Monday, July 16, 2012

Motivate Employees with a Positive Workplace

Note: This is the second in a series of articles I've written for Bluestone Coaching on using positive psychology in the workplace. I will be posting the rest of the series weekly.

Imagine you’re in your car.  You sit down in the driver’s seat, put the key in the ignition, and turn it; nothing happens.  You try again… nothing.  No matter how many times you turn the key, the car doesn’t start, and you don’t get anywhere.  Would you continue to step on the gas and turn the wheel?  Or would you figure it was pointless and get out of the car?  Your employees feel the same sense of futility if they don’t think their jobs are important.

The Gallup Organization found that employees perform best in a positive work environment, created by meeting certain basic needs.  Meeting these needs in the workplace is called employee engagement, and it can lead to happier customers, increased profit, and lower employee turnover.  In “A Positive Workplace Means a Positive Bottom Line,” we discussed the first two rules of engagement:  Set clear expectations, and provide your employees with the right tools to do their jobs.  The third rule of engagement is to make sure that your employees feel they are making an important contribution.

If you turn the key in the ignition but your car won’t start, you feel like your efforts are being wasted.  Your employees need to feel that their keys are starting the car, or they won’t want to keep driving.  Gallup says there are two ways to make your employees feel that their jobs matter:

1.  “Person-environment fit”
Studies show that employees are happiest when they have the opportunity to do what they do best.  The People Group says, “Full human potential is realized only when people are in a position to use their greatest talents.”  As a manager, it is important for you to make sure that the right people are doing the right jobs.

SALO, a financial staffing company, suggests constantly challenging employees by setting high expectations.  Meet with each employee to discuss long- and short-term goals, and find ways to link their personal goals with those of the organization.  Ask your employees what new challenges they would enjoy taking on, and ask how you can help them move toward larger career goals.  Communicate with them frequently to discuss their progress, and set new goals when their original goals have been met.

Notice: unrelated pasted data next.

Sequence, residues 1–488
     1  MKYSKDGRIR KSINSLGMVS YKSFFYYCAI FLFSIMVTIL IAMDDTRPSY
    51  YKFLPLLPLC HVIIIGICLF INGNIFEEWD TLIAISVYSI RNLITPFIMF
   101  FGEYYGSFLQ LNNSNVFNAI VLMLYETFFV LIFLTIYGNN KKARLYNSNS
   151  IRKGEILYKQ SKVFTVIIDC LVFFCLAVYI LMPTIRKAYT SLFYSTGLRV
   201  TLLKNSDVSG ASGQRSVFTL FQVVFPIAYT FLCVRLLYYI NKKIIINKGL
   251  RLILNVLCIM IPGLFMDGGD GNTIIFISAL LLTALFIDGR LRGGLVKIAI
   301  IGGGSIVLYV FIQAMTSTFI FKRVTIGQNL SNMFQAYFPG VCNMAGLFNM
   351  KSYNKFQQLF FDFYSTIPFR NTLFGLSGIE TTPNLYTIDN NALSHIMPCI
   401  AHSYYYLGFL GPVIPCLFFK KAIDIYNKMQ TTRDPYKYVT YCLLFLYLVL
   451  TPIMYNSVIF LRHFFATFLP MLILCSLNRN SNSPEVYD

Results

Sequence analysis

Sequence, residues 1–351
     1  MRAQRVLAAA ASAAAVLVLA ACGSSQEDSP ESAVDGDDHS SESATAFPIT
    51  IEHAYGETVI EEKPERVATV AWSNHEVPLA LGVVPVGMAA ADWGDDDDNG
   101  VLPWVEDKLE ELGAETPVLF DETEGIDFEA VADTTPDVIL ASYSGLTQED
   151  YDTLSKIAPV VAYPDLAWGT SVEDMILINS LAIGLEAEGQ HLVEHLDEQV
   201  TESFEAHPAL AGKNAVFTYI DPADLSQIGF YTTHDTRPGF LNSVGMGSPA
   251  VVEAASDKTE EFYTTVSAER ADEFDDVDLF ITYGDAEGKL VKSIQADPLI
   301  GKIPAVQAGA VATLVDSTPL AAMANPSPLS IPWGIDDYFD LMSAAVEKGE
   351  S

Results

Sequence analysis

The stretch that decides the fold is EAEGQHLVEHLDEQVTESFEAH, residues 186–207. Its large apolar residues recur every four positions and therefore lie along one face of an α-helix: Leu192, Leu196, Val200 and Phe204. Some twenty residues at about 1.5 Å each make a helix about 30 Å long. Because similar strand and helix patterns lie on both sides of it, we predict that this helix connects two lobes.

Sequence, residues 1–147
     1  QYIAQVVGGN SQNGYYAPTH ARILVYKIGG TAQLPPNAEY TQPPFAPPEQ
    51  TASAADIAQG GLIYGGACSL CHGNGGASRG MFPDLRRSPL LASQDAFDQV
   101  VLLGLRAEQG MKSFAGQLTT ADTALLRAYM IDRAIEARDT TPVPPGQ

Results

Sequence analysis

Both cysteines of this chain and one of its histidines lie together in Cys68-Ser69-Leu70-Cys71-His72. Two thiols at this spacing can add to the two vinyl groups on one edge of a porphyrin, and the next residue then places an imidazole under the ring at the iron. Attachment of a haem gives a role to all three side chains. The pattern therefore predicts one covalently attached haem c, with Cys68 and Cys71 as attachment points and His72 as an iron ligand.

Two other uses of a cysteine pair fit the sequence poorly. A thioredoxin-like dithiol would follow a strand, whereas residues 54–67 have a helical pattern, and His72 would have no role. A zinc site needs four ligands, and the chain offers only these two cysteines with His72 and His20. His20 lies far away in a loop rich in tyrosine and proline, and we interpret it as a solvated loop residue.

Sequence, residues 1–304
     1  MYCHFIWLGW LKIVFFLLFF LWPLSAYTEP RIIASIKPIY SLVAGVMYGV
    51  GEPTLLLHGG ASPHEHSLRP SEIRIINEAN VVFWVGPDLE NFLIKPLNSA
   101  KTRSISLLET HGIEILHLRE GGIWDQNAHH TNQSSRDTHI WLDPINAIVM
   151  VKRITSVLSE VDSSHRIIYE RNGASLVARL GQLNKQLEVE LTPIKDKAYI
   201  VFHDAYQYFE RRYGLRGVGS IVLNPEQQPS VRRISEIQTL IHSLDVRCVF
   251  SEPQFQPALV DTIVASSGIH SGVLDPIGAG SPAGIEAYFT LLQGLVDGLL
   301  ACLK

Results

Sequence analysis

The National Speakers Association also recommends letting employees know how their natural talents contribute to the company’s success:  “Tell your receptionist how a friendly voice and helpful attitude adds to quality customer service.  Let the folks in the warehouse know their prompt handling of products is necessary for good teamwork.”

2.  Recognition for a job well done
Sure, you know that telling your employees they’re doing a good job makes them happy, but did you know it can also inspire them to do an even better job in the future?  Gallup found that recognition for good work opens employees’ minds and makes them think about how they can do more.

SALO says it’s important to recognize employee achievements as often as possible, not just during performance reviews.  You don’t always have to offer bonuses or gifts either, a simple e-mail can be just as effective.  The key is to show your appreciation immediately after the job is done, so employees know you’re paying attention.

Gallup found that it’s also important to customize your recognition.  Each employee’s needs are different, so make sure you communicate with them to find the best ways to thank them for their efforts.

Happy employees know that their contribution to the company is important, and appreciated by their managers.  Make an effort to show your employees that turning their keys keeps the car running, and they’ll drive better than ever.  For more information about using positive psychology in the workplace, visit http://www.bluestonecoaching.

Gibbs, K. (2008, October 7)  Motivating Employees – Make 'Em Feel Like Big Shots.  National Speakers Association Mountain West:  Articles by our Speakers.  Retrieved from
Harter, J.K., Schmidt, F.L., and Keyes, C.L.M. (2003).  Well-being in the workplace and its relationship to business outcomes:  A review of the Gallup studies.  In C.L.M. Keyes and J. Haidt (2003).  Flourishing:  Positive psychology and the life well-lived (pp. 205-224).  Washington, D.C.:  American Psychological Association
Martin, M. (2010).  Creating a Great Workplace.  SALO UpSide Newsletter.  Retrieved from

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